Aderson Francois is a Professor of Law and the Director of the Civil Rights clinic, and the Voting Rights Institute. Prior to joining the Georgetown faculty, Professor Francois directed the Civil Rights Clinic at Howard University School of Law, where he also taught Constitutional Law, Federal Civil Rights, and Supreme Court Jurisprudence. His scholarly interests include voting rights, education law, and the history of slavery and Reconstruction. His practice experience encompasses federal trial and appellate litigation concerning equal protection in education, employment discrimination, voting rights, marriage equality, and the right to a fair criminal trial. Professor Francois received his J.D. from New York University School and clerked for the late Honorable A. Leon Higginbotham, Jr., Chief Judge of the United States Court of Appeals for the Third Circuit. In 2008, the Transition Team of President Barack Obama appointed Professor Francois Lead Agency Reviewer for the United States Commission on Civil Rights. He has provided pro bono death penalty representation to inmates before the United States Court of Appeals for the Fifth Circuit, served as a Special Assistant in with the United States Commission on Civil Rights in Washington, D.C., and practiced commercial litigation in the New York Offices of Paul Weiss Rifkind Wharton &Garrison. He has testified before Congress on civil rights issues and drafted numerous briefs to the United States Supreme Court, the Supreme Court of California, the Supreme Court of Iowa, and Maryland’s highest court. Before joining Howard’s faculty, Professor François was the Assistant Director of the Lawyering Program at New York University School of Law.

Heather Abraham is a supervising attorney and clinical teaching fellow in the Civil Rights Clinic.

She began her legal career as a judicial clerk in the U.S. District Court for the Western District of Michigan for District Judges Gordon J. Quist and Robert J. Jonker. She then clerked in the U.S. Court of Appeals for the Sixth Circuit for the Honorable Richard A. Griffin.

In 2016, Heather crowdfunded an innovative public interest fellowship through Equal Justice Works to combat rural homelessness and housing discrimination. As a fellow, she defended tenants against unlawful eviction and launched a problem-solving “Community Outreach Court” serving people experiencing homelessness stuck in a debtor’s cycle. In 2018, the Michigan courts honored Heather with the Robert P. Griffin award for her contributions to the judicial system. As a fellow, she found her passion for teaching in training pro bono attorneys.

Heather earned her J.D. and Master of Public Policy degree in housing and community development from the University of Minnesota and B.A. from Kalamazoo College in Michigan. In law school, she gained a breadth of legal experience as a legal intern for the United States Attorney’s Office for the District of Minnesota, a law clerk at the Federal Election Commission, and a student attorney at Legal Services of South Central Michigan and the Minneapolis Legal Aid Society. She also served as a research assistant to Professor Myron Orfield in the Institute on Race & Poverty (now the Institute on Metropolitan Opportunity), drafting and editing complex administrative comments on Fair Housing Act compliance.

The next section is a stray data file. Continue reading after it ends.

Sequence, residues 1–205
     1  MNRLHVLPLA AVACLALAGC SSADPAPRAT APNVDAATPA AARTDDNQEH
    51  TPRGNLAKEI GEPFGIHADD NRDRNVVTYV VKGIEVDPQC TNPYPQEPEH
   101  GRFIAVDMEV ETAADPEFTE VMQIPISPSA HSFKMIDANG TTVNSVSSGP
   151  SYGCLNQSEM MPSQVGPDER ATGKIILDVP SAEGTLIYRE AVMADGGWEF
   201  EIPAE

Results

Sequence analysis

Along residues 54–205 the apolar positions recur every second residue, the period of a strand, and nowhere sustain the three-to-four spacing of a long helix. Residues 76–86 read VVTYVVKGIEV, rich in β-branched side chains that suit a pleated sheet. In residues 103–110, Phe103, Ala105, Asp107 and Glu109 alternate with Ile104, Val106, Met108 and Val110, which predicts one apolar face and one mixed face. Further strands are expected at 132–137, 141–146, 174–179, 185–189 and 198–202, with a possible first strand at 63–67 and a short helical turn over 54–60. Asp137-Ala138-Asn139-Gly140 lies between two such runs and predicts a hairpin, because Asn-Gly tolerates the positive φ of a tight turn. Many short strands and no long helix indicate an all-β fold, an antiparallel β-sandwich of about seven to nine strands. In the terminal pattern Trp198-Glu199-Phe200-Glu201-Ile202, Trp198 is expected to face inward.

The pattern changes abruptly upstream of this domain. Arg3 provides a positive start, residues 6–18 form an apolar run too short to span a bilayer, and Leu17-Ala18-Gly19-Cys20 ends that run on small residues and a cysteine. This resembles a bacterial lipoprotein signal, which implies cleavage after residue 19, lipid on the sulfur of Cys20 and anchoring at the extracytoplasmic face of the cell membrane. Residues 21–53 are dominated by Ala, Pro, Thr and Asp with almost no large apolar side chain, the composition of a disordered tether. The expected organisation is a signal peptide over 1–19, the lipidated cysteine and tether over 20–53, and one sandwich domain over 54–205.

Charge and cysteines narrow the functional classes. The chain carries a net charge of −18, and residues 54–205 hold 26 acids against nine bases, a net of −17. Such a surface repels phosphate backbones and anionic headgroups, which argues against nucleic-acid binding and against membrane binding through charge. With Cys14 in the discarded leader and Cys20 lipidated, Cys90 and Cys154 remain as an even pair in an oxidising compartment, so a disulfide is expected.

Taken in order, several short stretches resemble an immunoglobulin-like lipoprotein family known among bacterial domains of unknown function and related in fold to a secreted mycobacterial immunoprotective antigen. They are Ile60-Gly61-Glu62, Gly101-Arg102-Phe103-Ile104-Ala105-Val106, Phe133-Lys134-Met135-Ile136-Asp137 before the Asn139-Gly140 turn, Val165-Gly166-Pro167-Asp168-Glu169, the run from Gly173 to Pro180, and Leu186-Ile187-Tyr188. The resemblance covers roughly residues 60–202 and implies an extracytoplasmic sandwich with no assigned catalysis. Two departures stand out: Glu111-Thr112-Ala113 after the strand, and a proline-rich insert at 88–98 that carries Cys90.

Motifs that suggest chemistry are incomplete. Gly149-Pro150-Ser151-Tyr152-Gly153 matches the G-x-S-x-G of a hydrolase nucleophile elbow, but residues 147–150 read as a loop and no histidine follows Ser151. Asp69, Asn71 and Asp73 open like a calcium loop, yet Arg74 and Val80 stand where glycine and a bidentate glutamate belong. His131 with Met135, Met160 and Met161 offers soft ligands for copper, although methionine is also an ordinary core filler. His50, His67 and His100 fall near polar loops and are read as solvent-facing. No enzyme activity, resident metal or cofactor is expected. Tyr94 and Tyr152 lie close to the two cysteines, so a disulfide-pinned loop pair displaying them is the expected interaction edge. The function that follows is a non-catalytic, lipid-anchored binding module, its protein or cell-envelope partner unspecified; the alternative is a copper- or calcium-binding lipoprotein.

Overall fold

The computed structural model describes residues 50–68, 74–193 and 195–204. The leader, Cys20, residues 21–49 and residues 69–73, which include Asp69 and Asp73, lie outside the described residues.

Heather has spent her life engaged in public affairs. She has worked on political campaigns at nearly all levels of government and worked for the U.S. Senate as legislative staff member to U.S. Senator Amy Klobuchar. Beginning in 2005, she served in the United States Peace Corps in Guatemala, where she helped rebuild the post-civil war municipal government in Huehuetenango.

Zina Makar is a clinical teaching fellow in the Civil Rights Clinic. Before joining Georgetown Law, Makar taught at the University of Baltimore School of Law, where she co-founded and co-directed the Pretrial Justice Clinic, a clinic that serves indigent persons wrongfully incarcerated prior to trial. During her time at Baltimore Law, Makar was recognized for her work and advocacy to advance bail reform in Maryland and was the 2017 recipient of the Baltimore City Bar Association’s Public Interest Attorney of the Year Award. Makar’s scholarly interests include criminal procedure, pretrial rights and plea bargaining.

Prior to teaching, Makar was an Open Society Institute Fellow from 2014 – 2016. During her fellowship Makar created the Pipeline to Habeas program, which the Baltimore City Office of the Public Defender now uses as a model to challenge the wrongful pretrial detention of indigent persons. Makar’s project focused on revitalizing the use of the writ of habeas corpus in the pretrial context to secure release for her clients. Makar’s program was used by the Office the Public Defender to obtain the pretrial release of 101 protestors arrested after the death of Freddie Gray.

Makar received her J.D. from the University of Maryland School of Law and received her Bachelor of Science in Business and Government and Politics from the University of Maryland, College Park.